Why Postbiotics Could Be Better for Your Gut Than Probiotics


By now, you’re familiar with probiotics, the beneficial bacteria that live in your gut and help keep your gut healthy. You can support gut health by getting probiotics naturally by adding more fermented foods, like yogurt with active cultures, or by taking a probiotic supplement. More recently, scientists have focused on the potential health benefits of postbiotics, a term you may not know. Could postbiotics be beneficial to your gut – and, possibly, more so than probiotics?

What Are Postbiotics?

Postbiotics are byproducts that probiotic bacteria in your gut produce. When probiotic bacteria in your gut consume fermentable fiber, called prebiotics, they produce postbiotics. Scientists speculate that some of the health benefits of probiotics come from postbiotics, the byproducts that probiotic bacteria produce. For example, certain beneficial gut bacteria, or probiotics, produce short-chain fatty acids that support gut health. These short-chain fatty acids are examples of postbiotics.

One short-chain fatty acid, called butyrate, is associated with a reduction in inflammation and colon health. Some studies suggest butyrate may lower the risk of colon cancer and support immune health. Butyrate is an example of a beneficial postbiotic. Other postbiotics with biological activity include enzymes, lipopolysaccharides, bacterial lysates, and exopolysaccharides. Studies show that postbiotics can modify activity of the immune system, reduce inflammation, and have antioxidant activity.

Postbiotics Aren’t Harmed by Stomach Acid

One reason postbiotics may be more beneficial than probiotics is they don’t need to be alive to work — they just need to be stable in the harsh environment of your stomach acid. That makes postbiotics ideal when you want a similar effect to a live microorganism, without the risk of killing that organism through the digestive process. Plus, probiotics are sensitive to acidity, heat, and oxygen exposure, so storing the improperly can reduce their effectiveness. Postbiotics don’t have these limitations.

What Are the Benefits of Postbiotics?

Research into the benefits of postbiotics is in its initial stages. However, several studies show a link between postbiotics in supplements and a reduced risk of respiratory infections. Postbiotics may enhance the body’s ability to fight off pathogens that cause sniffles, colds, and sore throats. It’s an area that needs more research. Some research also suggests that postbiotics may have anti-cancer activity. An example is butyrate, which is linked with a lower risk of colon cancer.

Can Postbiotics Lower the Risk of Respiratory Infections?

One defense against respiratory infections is an antibody called IgA immunoglobulin A, secreted by cells that make saliva. The amount of IgA in saliva goes down with age, which means less protection against infection. Here’s the good news. One study found that a certain type of postbiotic boosted IgA secretion by salivary cells. So, postbiotics could provide an added layer of defense against infections that enter through your mouth and respiratory tract.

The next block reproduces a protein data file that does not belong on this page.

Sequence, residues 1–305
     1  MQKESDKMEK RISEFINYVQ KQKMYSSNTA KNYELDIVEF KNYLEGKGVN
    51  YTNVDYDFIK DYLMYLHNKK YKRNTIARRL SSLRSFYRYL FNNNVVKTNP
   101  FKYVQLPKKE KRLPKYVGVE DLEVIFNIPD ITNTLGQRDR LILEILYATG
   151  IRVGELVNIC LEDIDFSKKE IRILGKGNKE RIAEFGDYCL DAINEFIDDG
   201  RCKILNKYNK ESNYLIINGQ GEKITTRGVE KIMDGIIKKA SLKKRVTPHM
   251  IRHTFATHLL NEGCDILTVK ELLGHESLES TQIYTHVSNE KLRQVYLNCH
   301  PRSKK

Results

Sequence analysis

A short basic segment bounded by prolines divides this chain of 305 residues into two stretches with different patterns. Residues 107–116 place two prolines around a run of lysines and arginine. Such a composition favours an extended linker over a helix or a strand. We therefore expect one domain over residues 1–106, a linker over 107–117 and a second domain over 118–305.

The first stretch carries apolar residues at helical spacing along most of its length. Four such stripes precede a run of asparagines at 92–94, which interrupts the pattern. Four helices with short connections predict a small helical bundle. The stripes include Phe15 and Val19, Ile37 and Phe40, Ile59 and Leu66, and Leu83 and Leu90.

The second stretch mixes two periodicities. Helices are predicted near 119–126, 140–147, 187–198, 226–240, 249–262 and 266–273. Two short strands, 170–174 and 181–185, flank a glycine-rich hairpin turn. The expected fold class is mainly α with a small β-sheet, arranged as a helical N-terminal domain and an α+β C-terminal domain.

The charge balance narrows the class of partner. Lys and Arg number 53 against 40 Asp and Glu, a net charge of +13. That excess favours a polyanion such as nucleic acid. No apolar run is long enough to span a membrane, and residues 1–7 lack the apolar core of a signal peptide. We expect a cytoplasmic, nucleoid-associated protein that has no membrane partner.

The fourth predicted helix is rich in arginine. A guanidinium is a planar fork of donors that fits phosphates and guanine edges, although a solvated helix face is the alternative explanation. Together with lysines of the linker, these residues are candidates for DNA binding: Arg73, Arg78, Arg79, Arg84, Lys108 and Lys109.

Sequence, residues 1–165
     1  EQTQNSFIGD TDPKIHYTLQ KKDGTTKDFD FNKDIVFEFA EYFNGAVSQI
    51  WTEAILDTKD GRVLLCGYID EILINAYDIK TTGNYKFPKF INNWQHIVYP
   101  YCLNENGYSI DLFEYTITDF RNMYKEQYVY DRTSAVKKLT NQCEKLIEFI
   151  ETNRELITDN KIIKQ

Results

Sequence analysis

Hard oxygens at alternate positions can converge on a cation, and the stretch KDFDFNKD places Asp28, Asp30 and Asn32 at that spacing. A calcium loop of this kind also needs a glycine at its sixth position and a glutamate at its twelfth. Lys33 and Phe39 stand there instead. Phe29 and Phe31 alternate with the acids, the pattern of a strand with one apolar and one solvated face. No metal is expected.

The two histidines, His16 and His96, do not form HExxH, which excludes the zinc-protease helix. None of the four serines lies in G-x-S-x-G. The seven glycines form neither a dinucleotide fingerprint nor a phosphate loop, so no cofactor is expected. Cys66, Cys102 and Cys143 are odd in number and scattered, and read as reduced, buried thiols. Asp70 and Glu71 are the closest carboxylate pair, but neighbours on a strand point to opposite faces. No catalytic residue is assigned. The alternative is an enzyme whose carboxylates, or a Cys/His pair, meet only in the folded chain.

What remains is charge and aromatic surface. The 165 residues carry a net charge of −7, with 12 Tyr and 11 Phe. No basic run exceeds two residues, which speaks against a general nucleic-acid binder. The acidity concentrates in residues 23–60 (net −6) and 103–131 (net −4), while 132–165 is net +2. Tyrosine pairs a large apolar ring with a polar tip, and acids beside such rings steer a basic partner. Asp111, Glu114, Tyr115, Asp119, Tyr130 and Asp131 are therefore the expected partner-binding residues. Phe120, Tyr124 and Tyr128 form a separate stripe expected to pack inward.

Studies in children also suggest that postbiotics could reduce and shorten the course of diarrhea that some kids experience when they take antibiotics. Because of the anti-inflammatory benefits of postbiotics, they may also be beneficial for inflammatory bowel conditions. One study found postbiotics could improve the symptoms of irritable bowel syndrome, a common and sometimes debilitating functional type of bowel condition that causes alternating constipation and diarrhea, bloating, and intestinal discomfort.

Scientists are also looking at whether postbiotics provide the same potential benefits as probiotics. If postbiotics have the same benefits, supplementing with them may be more helpful because of their stability and resistance to destruction by acids in the stomach. Plus, they have a long shelf life and are easy to store.

Adding Postbiotics to Your Diet

Since postbiotics are the substances that probiotic bacteria produce, you can get some postbiotics by eating probiotic-rich foods or taking a probiotic supplement. When you increase the number of postbiotic-producing probiotics in your gut through food or supplements, the postbiotic content of your gut will rise. You can also buy postbiotic supplements, although they’re not as easy to find as probiotic supplements since research is still in its early stages.


Postbiotics are a new field of study, but they could be the next big thing in microbiome research. The compounds produced by probiotics hold the promise of health benefits and are stable in the environment of the gut. If you take a postbiotic supplement, talk to your healthcare provider first and make sure it’s right for you. Even more importantly, add whole, plant-based foods to your diet to keep your gut microbiome in balance. Do it slowly though, so your gut can adapt to the added fiber. Otherwise, you might experience bloating or gas. It’s best to change your diet in small steps as opposed to a major overhaul.


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  • “What are postbiotics? – Harvard Health.” 01 Nov. 2021, www.health.harvard.edu/nutrition/what-are-postbiotics.
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